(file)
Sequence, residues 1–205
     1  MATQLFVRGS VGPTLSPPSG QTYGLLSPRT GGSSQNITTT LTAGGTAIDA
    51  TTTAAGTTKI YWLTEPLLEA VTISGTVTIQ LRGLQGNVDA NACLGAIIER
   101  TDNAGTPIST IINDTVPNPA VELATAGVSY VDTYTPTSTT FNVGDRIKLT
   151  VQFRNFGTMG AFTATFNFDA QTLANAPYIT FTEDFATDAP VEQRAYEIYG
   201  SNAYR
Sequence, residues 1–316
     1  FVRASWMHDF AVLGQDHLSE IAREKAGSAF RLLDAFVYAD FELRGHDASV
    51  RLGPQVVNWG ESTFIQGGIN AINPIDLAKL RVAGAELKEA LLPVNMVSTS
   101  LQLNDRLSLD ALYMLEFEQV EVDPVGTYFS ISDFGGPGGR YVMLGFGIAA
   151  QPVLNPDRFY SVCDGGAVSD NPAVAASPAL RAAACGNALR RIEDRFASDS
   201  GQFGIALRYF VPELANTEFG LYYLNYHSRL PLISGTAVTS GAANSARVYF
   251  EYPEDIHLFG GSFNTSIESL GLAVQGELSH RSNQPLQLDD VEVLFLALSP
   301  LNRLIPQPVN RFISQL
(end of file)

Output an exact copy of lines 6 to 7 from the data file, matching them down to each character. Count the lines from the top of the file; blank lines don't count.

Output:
   201  SNAYR
Sequence, residues 1–316